A visualisation of a water system is shown in the picture below. We can distinguish between a technical and a social system. In a technical system, a water infrastructure provides services to people. In a social system, we can observe a multi-level governance situation where interactions between organisations at different institutional levels lead to decisions about the water infrastructure – for instance installing a new water infrastructure or repairing a broken infrastructure.
The case study
This perspective is applied to a case study in the rural water sector in Uganda. The case looks into financial allocation from the national government to district governments. The districts use the budget to invest in water infrastructure. In this case, the districts can learn how best to spend the budget. They can learn this by themselves, by reflecting on the actions they perform, but in the thesis, I am more interested in how they learn from each other.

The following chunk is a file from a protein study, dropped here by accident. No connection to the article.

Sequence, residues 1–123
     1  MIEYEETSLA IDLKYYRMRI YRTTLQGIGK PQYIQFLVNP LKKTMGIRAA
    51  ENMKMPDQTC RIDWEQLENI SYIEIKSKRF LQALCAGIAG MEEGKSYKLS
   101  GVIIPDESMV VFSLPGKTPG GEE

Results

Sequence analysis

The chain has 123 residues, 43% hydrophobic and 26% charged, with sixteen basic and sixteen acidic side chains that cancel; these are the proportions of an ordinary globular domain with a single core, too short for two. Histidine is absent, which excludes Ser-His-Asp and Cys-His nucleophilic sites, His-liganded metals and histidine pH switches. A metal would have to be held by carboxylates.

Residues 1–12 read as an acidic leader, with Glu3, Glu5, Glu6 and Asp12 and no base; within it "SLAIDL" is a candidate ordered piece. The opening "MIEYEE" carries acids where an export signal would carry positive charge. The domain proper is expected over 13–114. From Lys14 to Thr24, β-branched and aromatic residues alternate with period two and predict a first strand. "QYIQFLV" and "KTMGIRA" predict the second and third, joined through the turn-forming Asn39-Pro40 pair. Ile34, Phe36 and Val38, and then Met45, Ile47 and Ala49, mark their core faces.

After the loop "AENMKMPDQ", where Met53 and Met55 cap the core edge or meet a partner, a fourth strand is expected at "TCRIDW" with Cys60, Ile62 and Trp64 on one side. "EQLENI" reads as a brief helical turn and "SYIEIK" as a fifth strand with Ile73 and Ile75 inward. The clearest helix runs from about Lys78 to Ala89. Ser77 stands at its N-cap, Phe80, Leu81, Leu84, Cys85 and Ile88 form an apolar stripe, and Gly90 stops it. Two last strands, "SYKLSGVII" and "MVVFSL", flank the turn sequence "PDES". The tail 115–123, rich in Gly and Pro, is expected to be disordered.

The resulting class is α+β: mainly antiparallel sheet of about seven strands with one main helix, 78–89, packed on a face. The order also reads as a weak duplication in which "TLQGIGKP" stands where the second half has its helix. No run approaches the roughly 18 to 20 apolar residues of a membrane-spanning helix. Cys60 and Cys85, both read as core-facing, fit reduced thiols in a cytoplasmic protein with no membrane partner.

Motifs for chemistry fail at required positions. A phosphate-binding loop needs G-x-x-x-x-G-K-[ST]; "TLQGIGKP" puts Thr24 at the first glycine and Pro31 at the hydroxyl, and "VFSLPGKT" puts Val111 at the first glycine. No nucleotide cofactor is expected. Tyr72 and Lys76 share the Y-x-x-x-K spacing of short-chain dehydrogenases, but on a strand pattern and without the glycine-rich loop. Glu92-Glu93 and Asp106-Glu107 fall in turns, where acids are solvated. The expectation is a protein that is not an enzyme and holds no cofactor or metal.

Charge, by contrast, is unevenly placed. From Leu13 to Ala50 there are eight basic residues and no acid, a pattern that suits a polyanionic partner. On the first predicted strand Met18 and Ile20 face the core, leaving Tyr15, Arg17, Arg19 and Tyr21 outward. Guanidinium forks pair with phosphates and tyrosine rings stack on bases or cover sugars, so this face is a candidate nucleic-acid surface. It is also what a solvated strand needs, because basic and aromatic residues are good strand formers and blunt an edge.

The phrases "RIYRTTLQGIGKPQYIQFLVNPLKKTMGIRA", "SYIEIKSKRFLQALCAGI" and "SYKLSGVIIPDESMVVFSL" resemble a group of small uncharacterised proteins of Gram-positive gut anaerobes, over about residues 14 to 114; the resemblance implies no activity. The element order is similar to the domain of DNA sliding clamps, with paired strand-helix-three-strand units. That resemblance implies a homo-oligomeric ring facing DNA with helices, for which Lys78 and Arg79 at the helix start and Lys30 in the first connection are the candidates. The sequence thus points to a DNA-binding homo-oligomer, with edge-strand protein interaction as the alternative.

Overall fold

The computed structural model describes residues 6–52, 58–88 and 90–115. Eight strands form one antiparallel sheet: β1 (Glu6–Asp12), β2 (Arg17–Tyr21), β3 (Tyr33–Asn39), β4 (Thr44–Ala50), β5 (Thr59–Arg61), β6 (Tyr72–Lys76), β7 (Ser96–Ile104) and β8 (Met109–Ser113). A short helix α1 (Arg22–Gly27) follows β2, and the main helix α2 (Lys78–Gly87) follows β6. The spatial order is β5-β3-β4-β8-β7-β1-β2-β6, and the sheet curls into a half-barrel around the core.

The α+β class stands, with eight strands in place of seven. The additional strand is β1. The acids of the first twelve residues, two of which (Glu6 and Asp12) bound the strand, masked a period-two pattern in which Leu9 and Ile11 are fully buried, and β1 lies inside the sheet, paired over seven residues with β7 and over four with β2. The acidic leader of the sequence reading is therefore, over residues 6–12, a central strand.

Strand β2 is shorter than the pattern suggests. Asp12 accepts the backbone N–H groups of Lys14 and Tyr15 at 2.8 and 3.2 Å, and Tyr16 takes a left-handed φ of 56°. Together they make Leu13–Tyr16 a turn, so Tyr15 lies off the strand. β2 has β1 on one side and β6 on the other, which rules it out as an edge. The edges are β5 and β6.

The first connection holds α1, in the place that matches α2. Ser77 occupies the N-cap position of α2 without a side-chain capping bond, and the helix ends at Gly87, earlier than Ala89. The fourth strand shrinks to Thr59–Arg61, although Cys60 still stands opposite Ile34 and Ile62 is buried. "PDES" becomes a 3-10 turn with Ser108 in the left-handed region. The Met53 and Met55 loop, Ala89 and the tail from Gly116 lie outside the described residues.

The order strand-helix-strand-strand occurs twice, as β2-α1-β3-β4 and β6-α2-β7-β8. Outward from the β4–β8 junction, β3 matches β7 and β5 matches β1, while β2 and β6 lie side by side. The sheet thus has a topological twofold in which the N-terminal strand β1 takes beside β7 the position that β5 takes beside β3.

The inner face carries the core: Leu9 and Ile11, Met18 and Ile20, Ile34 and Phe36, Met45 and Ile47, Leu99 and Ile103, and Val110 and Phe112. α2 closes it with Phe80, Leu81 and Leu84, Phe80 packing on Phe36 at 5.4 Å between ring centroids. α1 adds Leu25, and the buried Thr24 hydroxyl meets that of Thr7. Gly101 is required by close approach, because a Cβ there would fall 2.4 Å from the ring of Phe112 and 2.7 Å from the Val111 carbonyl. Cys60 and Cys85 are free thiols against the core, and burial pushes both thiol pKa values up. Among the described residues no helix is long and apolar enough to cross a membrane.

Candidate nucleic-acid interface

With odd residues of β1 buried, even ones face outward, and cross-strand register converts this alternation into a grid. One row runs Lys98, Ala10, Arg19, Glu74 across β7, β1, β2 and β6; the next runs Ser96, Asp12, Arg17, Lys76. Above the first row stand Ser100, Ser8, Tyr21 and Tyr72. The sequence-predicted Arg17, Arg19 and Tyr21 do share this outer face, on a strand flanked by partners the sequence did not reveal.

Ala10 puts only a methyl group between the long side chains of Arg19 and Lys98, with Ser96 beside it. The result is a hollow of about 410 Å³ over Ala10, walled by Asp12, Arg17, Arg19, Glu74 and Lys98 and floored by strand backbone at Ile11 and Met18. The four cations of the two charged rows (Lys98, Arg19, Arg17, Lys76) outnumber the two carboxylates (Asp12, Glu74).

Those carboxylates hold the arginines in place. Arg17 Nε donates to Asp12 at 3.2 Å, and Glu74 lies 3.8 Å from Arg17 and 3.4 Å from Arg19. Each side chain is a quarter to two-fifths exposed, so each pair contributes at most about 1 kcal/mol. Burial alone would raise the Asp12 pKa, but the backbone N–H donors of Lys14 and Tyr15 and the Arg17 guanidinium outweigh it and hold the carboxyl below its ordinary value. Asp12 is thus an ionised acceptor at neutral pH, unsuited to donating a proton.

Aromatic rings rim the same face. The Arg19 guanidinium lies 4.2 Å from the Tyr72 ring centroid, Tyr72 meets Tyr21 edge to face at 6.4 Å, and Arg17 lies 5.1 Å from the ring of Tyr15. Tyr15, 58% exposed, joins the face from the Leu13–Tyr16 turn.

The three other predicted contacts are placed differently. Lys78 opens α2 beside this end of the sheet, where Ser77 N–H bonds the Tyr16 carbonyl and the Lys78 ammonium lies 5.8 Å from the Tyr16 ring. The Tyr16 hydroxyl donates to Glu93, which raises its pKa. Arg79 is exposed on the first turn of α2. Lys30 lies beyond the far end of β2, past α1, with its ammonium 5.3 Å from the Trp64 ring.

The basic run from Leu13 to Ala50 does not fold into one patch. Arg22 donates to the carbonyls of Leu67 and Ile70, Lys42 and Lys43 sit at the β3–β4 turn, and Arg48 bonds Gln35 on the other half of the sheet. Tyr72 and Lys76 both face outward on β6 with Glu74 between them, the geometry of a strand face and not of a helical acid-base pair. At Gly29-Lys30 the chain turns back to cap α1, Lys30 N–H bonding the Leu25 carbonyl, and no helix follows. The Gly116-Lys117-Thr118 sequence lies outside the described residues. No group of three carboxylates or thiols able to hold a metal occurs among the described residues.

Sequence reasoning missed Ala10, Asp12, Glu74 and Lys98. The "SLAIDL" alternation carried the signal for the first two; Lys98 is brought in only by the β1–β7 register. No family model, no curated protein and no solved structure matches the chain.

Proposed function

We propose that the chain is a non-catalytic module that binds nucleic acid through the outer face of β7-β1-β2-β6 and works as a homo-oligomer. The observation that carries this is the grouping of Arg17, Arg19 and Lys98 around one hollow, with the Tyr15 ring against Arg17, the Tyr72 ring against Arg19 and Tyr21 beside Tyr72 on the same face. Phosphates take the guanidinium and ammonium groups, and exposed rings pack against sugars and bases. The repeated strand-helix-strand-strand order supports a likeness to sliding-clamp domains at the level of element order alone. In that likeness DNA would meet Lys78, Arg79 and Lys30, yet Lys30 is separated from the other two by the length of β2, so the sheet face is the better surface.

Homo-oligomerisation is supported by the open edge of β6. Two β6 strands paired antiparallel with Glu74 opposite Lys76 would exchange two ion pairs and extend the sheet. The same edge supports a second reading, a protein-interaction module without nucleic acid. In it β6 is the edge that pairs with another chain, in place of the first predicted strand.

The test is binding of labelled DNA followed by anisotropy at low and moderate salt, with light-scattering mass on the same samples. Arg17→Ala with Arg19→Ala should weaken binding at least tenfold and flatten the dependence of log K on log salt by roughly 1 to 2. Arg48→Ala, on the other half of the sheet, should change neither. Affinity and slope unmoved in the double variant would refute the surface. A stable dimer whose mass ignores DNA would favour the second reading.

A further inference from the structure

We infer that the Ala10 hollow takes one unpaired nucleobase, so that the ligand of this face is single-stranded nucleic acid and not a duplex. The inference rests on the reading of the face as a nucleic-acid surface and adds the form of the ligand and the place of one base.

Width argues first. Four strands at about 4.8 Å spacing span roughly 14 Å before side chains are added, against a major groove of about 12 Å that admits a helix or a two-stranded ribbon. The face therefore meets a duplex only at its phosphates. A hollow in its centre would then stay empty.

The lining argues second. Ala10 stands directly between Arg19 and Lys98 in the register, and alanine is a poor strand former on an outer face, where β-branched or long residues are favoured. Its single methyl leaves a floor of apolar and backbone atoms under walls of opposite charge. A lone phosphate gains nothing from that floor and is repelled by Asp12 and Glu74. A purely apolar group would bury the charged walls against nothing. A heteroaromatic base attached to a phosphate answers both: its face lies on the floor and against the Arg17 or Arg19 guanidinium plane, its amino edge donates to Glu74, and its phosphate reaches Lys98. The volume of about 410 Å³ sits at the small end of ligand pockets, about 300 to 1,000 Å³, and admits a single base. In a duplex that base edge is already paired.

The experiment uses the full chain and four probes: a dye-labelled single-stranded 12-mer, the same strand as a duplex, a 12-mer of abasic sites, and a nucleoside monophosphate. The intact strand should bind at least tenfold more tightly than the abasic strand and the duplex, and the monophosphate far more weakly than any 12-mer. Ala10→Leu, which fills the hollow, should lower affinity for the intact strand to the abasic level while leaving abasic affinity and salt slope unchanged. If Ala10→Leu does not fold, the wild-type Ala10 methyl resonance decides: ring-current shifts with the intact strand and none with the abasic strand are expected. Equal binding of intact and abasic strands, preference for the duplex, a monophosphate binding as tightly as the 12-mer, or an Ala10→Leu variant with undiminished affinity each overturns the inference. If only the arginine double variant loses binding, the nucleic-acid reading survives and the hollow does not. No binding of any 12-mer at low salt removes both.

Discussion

In practice, there are two ways that districts can learn from each other. The first is via (annual) inter-district meetings. And the second is that a regional party identifies a well-performing district. They bring the district’s strategy to the attention of the national government which in turn can apply the strategy in other districts. An example of this is the Hand Pump Mechanics’ experiment.
I want to analyse how information is disseminated through the system and when it is used by other districts as a proxy for ‘learning’.
What do district governments learn from each other?
National government dictates what the districts spend their budget on. For instance, at least 70% must be spent on new infrastructure and only a maximum of 13% may be spent on major maintenance. There are more budget allocation restrictions, but for the simplicity of the argument, we will stick to these two.